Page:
Marriage Communication Activities

by Dana Bagwell
Participating in activities you both enjoy can make you feel closer to and more positive about your partner.

Participating in activities you both enjoy can make you feel closer to and more positive about your partner.

The quality of a couple’s communication plays a significant role in how much mutual respect, understanding and physical closeness a couple will experience. According to a study published in the April 2010 issue of the “Journal of Personality and Social Psychology," conversations that routinely contained validation, empathy and caring were essential components for couples in developing intimacy. For couples struggling with communication, new patterns of interaction can be learned and can increase relationship satisfaction.

Take a Quiz

In “The Marriage and Families Activities Workbook,” authors Dr. Ron Hammond and Barbara Bearnson present numerous quizzes designed to spark conversation across a broad range of relationship topics. The workbook also contains nearly one hundred self-assessments that poses questions each partner can answer on such subjects as family heritage and parenting styles. Couples can share and compare these self-assessments and relationship quizzes to gain new insight into their own and their partner's behavioral patterns and communication styles, helping to foster a sense of commitment and closeness.

Conversation Templates

Beginning a conversation is often difficult. An awkward beginning to a conversation -- especially for couples with communication difficulties -- has the potential to turn into misunderstandings or arguments.

Changing marital conversation patterns is easier with a starting point. In their book “101 Conversation Starters for Couples,” Dr. Gary Chapman and Ramon Presson present conversation templates designed to help couples begin conversations in a positive way, as well as explore new conversational subjects like this one: “What do you remember about learning to drive?”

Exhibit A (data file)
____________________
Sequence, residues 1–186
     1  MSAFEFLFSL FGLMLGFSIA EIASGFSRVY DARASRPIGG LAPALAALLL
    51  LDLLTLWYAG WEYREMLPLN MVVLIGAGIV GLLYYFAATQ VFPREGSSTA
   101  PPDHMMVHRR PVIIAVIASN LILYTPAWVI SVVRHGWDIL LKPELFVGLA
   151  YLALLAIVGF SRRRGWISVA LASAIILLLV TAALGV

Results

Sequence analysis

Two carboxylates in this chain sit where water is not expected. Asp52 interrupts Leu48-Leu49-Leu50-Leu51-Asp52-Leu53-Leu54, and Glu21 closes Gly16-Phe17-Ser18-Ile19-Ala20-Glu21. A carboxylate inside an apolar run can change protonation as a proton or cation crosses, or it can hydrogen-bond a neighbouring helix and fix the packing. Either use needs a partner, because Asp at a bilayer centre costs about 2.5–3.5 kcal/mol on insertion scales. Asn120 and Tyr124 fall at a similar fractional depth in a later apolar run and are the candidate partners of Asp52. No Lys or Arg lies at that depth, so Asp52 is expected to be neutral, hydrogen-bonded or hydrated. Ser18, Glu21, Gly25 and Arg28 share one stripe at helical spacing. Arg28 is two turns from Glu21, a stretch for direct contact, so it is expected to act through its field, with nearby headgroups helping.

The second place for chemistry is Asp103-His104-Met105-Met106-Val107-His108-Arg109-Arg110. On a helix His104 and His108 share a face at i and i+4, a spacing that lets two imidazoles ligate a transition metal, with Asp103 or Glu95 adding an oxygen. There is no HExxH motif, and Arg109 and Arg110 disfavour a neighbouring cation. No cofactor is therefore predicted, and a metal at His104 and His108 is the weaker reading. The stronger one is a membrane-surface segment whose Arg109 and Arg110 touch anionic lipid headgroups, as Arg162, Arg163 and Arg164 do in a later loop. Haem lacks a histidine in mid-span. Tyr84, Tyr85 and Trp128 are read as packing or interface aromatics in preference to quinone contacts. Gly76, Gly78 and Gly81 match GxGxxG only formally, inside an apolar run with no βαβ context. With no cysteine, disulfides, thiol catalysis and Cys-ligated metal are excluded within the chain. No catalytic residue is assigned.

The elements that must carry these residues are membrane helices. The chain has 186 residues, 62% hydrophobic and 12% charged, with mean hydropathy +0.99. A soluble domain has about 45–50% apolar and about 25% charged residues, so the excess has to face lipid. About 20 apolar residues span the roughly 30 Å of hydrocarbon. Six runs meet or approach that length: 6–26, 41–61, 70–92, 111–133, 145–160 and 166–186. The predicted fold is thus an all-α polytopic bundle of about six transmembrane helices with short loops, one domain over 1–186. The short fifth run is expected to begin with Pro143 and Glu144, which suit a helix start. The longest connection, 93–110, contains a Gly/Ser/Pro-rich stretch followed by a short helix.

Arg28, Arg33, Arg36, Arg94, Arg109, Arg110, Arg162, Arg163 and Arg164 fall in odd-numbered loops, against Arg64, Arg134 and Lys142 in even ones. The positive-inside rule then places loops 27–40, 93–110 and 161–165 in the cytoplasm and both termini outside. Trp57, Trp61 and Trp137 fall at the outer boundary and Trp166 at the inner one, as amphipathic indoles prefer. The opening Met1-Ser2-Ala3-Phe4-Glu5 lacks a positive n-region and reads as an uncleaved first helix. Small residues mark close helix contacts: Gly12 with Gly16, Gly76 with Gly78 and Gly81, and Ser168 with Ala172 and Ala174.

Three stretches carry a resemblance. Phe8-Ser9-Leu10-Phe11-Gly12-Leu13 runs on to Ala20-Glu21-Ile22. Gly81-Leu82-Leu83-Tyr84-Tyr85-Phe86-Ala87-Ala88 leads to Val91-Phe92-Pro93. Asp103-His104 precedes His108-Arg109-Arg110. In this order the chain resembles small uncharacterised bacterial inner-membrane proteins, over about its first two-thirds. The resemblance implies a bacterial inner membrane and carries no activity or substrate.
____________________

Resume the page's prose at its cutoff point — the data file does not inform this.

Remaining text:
For one week, try to reframe every negative thought about your partner into something positive. Far too often a spouse only hears what is wrong, and in the absence of affectionate words, such a stream of negativity can take its toll on a marriage. Dr. Shruti Poulsen at Purdue University suggests that married couples make it a habit to share one positive thought about the other partner every day. This simple activity can foster closeness and trust, which in turn will improve communication.

Reflective Listening

Reflective listening is a tool couples use to gain a more complete understanding of their partner's feelings or frustrations. It's a technique that is particularly helpful for couples in conflict.

Reflective listening requires the listener to "reflect back" what their partner says by asking“let me see if I am understanding you" and then paraphrase what the speaker has tried to communicate. If the listener has misunderstood, the speaker has the opportunity to clarify, and the technique minimizes the tendency to offer advice or interrupt each other. In addition, this activity helps the listener pay attention, and helps the spouse feels genuinely heard and understood. Like any other skill, reflective listening requires practice, but it can go a long way in improving communication between spouses.

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About the Author

Dana Bagwell has worked in the research-and-development field for more than a decade. His work has covered gerontology, cognitive assessments, health education interventions, social science theory and research methods. Bagwell has also contributed to several scholarly publications, including "Experimental Aging Research" and "Clinical Interventions in Aging." He has a bachelor's degree in psychology and is completing his doctorate in health policy.

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